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With Utmost Courage and Courtesy

December 3, 2017

“ There will be obstacles. There will be doubters. There will be mistakes. But with hard work, there are no limits.” Words made famous by Olympic swimmer Michael Phelps and repeated by Managing director of FLOW, Stephen Price, set the tone Thursday afternoon at the Spanish Court Hotel, The Worthington, for the final gathering of this year's Applaud It! series. Price and senior members of his executive team feted 12 students of Hampton High School, St Elizabeth, along with their teacher in an almost magical utopia of inspiration further enhanced by gold transluscent wine glasses, lush pink and turquoise roses. Gift boxes sat atop the luxe tablescape, each place setting complete with name cards and menus.




In between the Jacqui Tyson four-course fusion offerings of Indian Papadum meets the Chinese Spring Roll with a 'suss' from Jamaica, Blue Mountain lettuce wrap filled with a pop of smoked pimento chicken; croque-monsieur, deconstructed lollipop of grilled brown sugar-glazed ham served on a fondue of fontina cheese with toasted hard dough crisp and grilled pineapple confetti came the first question from Brianica Randall. “How did you become the managing director?”


“I became managing director through hard work,” was Price's immediate response. “That's really the key to how I got here, through the guidance of great mentors. As you go through life, find the persons you want to emulate, ask them, 'Could you guide me?' and have a monthly or fortnightly discussion,'” he suggested.



There was more, “Lift up the people within the organisation. If you create the best team around you... you will build a strong team and, remember, don't ever own victories for yourself because you have to remember who got you there.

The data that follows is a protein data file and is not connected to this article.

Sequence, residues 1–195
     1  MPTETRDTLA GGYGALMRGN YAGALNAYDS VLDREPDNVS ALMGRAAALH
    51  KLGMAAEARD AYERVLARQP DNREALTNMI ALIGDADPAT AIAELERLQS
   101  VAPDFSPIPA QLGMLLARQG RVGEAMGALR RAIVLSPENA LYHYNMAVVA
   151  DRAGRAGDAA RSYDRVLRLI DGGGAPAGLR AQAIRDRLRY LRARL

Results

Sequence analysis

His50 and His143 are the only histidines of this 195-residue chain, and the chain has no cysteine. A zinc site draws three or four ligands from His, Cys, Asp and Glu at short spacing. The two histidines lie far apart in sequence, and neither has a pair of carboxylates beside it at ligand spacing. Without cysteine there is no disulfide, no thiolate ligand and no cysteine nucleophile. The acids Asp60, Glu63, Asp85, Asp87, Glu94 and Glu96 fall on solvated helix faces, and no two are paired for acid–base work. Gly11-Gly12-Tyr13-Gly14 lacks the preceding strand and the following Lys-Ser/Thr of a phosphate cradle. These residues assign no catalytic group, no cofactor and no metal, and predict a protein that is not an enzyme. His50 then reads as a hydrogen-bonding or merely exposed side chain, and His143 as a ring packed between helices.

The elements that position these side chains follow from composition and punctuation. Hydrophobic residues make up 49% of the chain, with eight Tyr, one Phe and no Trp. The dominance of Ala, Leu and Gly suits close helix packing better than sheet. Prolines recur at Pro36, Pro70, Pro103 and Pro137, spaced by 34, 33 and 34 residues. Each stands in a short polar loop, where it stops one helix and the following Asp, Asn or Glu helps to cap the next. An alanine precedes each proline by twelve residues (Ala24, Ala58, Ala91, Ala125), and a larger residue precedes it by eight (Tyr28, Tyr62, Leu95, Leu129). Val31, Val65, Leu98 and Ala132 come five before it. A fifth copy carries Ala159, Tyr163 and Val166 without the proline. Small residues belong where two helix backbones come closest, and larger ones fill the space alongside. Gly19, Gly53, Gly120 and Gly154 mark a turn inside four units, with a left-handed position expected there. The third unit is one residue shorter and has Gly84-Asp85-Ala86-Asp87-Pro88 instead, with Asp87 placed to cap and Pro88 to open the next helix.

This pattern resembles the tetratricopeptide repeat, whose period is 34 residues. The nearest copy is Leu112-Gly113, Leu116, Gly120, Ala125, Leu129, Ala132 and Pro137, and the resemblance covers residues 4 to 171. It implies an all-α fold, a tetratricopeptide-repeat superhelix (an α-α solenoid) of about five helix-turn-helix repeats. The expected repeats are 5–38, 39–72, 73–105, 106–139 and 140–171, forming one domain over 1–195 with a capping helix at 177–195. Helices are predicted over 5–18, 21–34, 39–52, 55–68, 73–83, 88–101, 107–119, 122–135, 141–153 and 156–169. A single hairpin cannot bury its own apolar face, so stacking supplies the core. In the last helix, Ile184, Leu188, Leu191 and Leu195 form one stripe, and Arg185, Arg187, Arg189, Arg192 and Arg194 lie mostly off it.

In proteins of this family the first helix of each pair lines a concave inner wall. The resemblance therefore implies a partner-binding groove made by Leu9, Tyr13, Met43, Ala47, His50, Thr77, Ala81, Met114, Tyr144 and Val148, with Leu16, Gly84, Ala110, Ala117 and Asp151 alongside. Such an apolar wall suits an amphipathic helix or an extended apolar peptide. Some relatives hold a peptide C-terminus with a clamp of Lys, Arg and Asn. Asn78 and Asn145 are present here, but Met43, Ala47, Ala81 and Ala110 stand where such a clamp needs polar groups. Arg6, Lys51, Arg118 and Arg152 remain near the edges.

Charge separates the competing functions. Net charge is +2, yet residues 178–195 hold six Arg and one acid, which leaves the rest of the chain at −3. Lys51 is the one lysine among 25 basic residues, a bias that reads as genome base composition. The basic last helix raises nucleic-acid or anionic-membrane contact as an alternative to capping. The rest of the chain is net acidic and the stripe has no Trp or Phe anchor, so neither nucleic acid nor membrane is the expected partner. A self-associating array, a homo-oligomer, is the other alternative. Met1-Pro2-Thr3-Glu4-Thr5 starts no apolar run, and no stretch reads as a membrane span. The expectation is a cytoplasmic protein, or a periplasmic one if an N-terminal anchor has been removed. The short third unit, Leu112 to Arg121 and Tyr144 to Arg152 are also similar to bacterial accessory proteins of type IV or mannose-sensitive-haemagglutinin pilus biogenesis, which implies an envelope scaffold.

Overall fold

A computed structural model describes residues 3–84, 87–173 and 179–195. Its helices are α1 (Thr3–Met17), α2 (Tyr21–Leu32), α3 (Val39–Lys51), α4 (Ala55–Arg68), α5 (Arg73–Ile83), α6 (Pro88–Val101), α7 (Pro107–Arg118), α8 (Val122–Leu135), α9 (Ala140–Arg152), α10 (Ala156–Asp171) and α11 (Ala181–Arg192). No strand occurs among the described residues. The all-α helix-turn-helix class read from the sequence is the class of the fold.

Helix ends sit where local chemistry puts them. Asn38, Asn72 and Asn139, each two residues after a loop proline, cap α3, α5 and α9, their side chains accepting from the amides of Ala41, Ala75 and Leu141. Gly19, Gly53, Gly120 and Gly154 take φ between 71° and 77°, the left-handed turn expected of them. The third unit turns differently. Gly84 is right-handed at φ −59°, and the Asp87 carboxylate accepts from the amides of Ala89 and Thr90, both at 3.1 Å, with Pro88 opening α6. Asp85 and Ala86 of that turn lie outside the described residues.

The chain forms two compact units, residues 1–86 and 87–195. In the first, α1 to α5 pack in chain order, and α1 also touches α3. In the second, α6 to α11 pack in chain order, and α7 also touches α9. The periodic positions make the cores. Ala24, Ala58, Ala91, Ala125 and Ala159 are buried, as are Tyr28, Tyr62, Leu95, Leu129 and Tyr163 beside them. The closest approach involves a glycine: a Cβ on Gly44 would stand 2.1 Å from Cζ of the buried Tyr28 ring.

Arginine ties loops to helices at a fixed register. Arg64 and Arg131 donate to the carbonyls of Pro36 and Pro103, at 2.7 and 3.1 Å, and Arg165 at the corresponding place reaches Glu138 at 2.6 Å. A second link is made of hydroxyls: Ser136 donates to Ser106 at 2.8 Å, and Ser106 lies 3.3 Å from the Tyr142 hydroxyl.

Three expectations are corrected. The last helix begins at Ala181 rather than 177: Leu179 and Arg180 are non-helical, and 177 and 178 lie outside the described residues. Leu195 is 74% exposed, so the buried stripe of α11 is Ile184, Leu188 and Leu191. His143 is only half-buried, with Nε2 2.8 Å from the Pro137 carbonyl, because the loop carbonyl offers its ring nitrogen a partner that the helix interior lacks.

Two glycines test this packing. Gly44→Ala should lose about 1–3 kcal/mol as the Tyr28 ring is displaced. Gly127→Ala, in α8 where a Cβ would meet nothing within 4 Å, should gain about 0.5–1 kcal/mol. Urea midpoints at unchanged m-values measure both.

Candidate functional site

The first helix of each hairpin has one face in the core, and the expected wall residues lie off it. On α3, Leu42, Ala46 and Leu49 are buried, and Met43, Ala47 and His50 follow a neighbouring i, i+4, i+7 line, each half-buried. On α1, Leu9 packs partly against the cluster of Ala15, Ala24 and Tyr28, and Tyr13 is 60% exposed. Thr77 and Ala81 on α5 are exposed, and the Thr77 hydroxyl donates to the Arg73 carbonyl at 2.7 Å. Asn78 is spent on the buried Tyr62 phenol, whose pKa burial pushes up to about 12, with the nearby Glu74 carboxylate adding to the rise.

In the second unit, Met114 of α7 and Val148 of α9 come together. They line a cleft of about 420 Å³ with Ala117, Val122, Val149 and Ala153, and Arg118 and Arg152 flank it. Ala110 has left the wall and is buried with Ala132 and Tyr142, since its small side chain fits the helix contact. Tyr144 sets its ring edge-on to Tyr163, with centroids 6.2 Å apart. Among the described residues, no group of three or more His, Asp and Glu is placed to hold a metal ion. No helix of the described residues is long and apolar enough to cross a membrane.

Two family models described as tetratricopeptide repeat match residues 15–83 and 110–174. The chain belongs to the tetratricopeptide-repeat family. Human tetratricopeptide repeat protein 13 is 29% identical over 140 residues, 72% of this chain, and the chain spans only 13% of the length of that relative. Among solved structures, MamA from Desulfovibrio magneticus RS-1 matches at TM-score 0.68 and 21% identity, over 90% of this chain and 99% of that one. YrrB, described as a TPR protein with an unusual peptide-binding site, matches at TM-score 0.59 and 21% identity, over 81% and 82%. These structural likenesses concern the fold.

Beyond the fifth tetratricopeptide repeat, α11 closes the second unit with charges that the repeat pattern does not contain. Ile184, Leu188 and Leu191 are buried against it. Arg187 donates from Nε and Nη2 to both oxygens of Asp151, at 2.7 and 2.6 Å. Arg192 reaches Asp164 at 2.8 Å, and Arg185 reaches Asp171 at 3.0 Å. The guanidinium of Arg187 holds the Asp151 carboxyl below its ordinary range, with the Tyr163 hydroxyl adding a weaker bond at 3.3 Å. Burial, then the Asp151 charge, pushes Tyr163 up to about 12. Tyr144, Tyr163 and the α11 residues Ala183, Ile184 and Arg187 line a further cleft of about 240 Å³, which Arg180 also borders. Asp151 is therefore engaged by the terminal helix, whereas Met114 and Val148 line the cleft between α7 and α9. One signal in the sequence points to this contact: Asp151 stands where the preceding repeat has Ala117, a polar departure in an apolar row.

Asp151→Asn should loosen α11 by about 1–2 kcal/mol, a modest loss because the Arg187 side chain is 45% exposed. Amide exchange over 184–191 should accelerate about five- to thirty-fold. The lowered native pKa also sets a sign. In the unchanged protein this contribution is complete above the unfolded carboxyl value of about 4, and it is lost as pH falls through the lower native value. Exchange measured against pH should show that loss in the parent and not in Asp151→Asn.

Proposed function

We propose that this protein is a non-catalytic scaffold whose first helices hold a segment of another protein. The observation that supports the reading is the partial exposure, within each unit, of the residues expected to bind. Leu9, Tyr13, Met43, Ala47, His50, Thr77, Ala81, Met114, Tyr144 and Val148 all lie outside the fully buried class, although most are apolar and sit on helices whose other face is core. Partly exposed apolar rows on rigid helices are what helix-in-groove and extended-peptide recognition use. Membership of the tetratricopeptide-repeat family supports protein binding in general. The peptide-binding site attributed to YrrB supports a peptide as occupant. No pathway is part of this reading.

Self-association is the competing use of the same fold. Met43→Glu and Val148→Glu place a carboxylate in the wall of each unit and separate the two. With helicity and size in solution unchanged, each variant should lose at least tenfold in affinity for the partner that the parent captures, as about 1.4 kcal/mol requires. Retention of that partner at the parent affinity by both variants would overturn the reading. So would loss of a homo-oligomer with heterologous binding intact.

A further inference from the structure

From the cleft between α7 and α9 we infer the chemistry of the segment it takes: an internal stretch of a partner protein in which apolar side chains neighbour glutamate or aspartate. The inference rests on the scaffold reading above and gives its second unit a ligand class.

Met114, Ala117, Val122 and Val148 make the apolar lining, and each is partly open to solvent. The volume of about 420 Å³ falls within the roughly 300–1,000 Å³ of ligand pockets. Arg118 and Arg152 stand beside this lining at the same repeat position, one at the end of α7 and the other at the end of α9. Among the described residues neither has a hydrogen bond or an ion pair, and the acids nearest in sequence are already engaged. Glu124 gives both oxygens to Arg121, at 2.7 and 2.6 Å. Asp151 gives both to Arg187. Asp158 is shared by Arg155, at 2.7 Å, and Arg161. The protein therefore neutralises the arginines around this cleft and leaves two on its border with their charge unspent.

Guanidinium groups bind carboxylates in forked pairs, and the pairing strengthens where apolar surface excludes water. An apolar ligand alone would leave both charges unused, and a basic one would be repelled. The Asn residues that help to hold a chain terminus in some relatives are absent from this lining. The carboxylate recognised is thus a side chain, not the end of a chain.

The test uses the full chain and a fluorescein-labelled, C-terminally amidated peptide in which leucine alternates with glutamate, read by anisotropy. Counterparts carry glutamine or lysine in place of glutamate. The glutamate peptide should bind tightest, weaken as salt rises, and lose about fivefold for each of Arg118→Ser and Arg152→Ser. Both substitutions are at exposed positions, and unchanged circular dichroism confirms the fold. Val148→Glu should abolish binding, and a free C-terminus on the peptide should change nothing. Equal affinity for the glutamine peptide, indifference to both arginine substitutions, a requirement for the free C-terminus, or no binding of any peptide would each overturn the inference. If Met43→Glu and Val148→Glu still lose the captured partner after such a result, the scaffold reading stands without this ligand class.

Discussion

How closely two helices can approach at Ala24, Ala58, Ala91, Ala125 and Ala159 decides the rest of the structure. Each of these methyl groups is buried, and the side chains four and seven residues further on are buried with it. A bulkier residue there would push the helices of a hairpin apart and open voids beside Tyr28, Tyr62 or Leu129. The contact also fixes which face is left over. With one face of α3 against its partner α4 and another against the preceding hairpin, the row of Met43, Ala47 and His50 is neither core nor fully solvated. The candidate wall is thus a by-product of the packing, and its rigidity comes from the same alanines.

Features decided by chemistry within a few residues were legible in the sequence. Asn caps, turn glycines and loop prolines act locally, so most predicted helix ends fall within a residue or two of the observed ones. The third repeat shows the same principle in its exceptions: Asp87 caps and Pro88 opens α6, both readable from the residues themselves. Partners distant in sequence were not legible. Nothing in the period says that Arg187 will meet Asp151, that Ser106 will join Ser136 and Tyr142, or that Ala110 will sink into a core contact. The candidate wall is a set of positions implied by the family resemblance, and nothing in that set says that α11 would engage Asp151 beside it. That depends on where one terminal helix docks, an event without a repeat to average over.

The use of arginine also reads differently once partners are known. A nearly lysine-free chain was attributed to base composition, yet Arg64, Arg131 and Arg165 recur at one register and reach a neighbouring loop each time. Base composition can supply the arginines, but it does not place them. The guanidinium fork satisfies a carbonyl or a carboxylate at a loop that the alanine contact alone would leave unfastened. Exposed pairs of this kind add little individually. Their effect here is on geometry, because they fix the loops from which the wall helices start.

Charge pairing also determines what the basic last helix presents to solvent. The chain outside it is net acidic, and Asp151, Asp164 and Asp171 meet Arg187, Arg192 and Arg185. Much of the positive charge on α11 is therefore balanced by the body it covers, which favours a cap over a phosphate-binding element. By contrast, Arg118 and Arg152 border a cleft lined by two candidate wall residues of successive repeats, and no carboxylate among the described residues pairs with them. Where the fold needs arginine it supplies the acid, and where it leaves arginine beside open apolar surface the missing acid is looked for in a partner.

“Plus, in the corporate world today you find a lot of virtual top-down relationships. I try to engender horizontal relationships where I understand my colleagues and know their problems. It's easier to manage when you understand a team member's challenge. I'm also proud that I have a strong gender balance; you should hear the vigorous debates! I'm happy that I have a team that challenges me.”


When asked about his biggest challenge, Price highlighted the 2015 FLOW and LIME merger, citing cultural differences as a contributing factor. However, he spoke glowingly of his all-Jamaican team who faced every obstacle with fierce tenacity.


The ladies wanted to know how he balanced family life — three children, a wife and the job of MD. Balance, he explained, had kept him in control. “Make sure you have that work-life balance. Protect and focus on the most important things in your life first! Your family, your children, your job. When you lose the work sometimes, it's [your] family that's there to take care of you.”


The palate cleanser was timely, a rose sorbet served on a bed of roses that prepared the palates for the entrée, ribbons of fettucine in a twirl topped with St Elizabeth jumbo shrimps and lightly dusted in a sage Parmesan butter. There was also a grilled salmon option. There was lots to absorb in between mouthfuls of intoxicating flavours. Artificial intelligence, for example. The digital revolution, gender balance, a smart approach to career options. Price shared, listened and met the next generation exactly where they were. The adage 'When the student is ready the teacher will appear' was evident as he left them with the words, “It's your attitude, not your aptitude, that determines your altitude.”